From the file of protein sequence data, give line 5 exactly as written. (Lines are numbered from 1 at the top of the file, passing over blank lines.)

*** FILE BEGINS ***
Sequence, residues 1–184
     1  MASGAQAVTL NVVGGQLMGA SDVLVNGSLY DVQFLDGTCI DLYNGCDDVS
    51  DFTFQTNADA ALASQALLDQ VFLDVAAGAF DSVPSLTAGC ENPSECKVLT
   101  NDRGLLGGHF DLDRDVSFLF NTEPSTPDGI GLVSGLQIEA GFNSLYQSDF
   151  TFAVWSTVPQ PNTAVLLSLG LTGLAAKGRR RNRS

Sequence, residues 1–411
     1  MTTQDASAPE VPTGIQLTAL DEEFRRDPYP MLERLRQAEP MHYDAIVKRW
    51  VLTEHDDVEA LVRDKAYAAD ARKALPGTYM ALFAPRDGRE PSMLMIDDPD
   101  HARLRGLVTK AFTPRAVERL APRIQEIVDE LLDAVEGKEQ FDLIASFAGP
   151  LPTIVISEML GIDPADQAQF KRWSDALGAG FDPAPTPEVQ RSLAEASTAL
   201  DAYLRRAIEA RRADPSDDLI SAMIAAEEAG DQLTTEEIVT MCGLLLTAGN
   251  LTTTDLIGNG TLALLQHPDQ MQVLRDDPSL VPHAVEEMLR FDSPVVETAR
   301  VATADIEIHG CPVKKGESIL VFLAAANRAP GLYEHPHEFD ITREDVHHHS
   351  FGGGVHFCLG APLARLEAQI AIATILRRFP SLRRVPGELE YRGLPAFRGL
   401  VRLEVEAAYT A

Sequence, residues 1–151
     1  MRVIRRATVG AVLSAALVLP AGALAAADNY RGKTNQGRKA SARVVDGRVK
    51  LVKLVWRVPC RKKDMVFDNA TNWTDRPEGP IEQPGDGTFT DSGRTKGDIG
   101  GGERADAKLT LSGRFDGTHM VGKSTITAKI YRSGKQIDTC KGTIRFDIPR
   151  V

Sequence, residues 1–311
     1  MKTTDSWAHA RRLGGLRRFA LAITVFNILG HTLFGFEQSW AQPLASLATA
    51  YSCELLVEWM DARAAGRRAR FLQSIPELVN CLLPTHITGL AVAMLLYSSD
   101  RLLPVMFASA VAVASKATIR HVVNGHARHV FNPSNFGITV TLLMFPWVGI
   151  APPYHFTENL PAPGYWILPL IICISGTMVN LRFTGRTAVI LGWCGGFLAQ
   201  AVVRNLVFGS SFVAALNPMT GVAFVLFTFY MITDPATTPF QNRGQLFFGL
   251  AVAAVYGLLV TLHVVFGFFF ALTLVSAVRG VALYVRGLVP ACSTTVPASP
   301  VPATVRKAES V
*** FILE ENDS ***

   151  TFAVWSTVPQ PNTAVLLSLG LTGLAAKGRR RNRS